"The accused have been charged with the offence punishable under Section 302 IPC on the allegation that by adulterating arrack with a deadly poisonous substance viz. methyl alcohol, the accused committed an act, so imminently dangerous that it must in all probability cause death or such bodily injury as is likely to cause death; and by such act death was actually caused. I have found that Sreedharan Pillai mentioned earlier died as a result of consumption of poisonous arrack from Avaneeswaram shop owned by the contractors.
Although Ramachandran Pillai and Sasidharan Pillai also have been proved to have died of methyl alcohol poisoning, the evidence methyl alcohol from one of the outlets owned by the accused - contractors. The contractors who are in the field of sale of arrack have to be fixed with knowledge of the toxicity of methyl alcohol. Nonetheless it cannot be said that the accused or any of them knew that arrack mixed with small quantity of methyl alcohol was likely to cause death or serious bodily injury that is likely to cause death. The circumstances brought out in the evidence in this case show that a very large number of persons might have consumed poisonous arrack supplied from Punalur Depot, but only relatively a small number of persons have suffered its ill-effects noticeably.
Therefore, I do not think that the evidence is sufficient to find that the accused, even accused 1 and 4 whom I have found to be responsible for adulterating arrack, can be found guilty of having committed an act which comes within the purview of Section '300 fourthly' of IPC. It follows that none of the accused can be found guilty of the offence punishable under Section 302 IPC or even the one punishable under Section 304 IPC." (emphasis supplied) 542 The High Court on this aspect has barely observed at para 22 in its judgment as follows:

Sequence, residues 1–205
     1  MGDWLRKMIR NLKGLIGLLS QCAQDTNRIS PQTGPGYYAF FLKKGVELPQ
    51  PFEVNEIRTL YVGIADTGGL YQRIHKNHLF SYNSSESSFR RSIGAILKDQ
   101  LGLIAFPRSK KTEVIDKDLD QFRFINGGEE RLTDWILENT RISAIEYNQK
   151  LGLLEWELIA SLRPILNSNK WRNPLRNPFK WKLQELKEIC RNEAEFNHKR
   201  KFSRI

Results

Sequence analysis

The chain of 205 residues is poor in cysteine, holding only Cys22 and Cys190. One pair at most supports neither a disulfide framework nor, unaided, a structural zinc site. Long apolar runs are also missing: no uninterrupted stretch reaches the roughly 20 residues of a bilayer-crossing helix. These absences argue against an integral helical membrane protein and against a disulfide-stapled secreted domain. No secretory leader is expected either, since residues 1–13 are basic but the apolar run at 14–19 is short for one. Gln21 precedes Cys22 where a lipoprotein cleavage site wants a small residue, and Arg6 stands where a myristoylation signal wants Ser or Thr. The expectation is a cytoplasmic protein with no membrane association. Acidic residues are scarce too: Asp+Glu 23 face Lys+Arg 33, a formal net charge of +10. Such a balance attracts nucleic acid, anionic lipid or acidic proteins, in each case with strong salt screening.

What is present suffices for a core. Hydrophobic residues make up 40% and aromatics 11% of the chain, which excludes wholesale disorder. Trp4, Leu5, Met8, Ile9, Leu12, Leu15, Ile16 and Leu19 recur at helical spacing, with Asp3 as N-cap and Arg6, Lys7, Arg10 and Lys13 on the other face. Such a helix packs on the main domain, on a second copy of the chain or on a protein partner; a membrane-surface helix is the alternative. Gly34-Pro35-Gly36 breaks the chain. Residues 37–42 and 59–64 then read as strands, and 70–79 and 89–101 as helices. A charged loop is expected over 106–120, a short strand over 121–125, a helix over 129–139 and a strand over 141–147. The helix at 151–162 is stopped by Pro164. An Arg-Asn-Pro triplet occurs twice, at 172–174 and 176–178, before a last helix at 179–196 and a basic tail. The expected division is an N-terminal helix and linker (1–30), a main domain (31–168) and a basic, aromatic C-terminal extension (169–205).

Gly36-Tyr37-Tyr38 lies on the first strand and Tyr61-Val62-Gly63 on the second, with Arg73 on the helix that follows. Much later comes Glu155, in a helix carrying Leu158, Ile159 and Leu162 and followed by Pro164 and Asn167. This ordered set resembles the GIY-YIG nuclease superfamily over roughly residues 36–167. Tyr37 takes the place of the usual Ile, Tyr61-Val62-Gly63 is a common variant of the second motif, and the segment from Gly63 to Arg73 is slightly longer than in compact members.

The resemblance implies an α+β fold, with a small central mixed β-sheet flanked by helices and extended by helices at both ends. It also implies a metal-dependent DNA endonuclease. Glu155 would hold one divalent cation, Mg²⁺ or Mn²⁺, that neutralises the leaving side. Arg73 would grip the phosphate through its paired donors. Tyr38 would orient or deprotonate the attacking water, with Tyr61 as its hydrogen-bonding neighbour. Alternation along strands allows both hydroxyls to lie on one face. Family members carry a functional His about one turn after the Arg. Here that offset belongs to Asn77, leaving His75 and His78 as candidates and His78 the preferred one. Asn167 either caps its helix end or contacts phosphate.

"Accused I and 4 were found guilty of offence punishable under Sections 272 and 328 IPC and Sections 55(a) and 55(i) of the Abkari Act.
It is proved beyond reasonable doubt that the 1st accused was the licensee and that he had been managing all affairs relating to the vending of arrack in Pathanapuram and Chadayamangalam ranges. The prosecution has adduced satisfactory evidence to show that there was a depot at Punalur wherein arrack was stored in large quantity and the same was being distributed to various licensed and unlicensed shops of 1st accused. The 1st accused when questioned under Section 313 CrPC was specifically asked regarding this aspect.
In answer to questions 82, 84 and 85 the 1st accused admitted that he had been maintaining a depot at Punalur and the entire business was carried on by him. The 1st accused owned all responsibility relating to the distribution of arrack in Pathanapuram and Chadayamanglam ranges. At the time of examination of various witnesses, the defence specifically suggested that the Polythene bags containing arrack were being distributed from other ranges but there is no direct evidence to that effect.
However, it is proved beyond all reasonable doubt that to the arrack shop maintained by the 1st accused near Avaneeswaram Railway Station, arrack from the Punalur Depot was supplied. It is also proved that this arrack was poisoned with methyl alcohol. It is proved that the 1st accused was instrumental in adulterating the alcohol supplied from the Punalur Depot. It is also proved that the 1st accused was responsible in distributing this affack to the arrack shop near Avneeswaram Railway Station and thereby caused poisoned arrack to be taken by the consumers and in that way Sreedharan Pillai, who consumed alcohol, died as a result of the poisoning.
Therefore, the 1st accused has been rightly found guilty of offence punishable under Sections 272, 328 IPC and Sections 55(a) and 55(i) of the Abkari Act."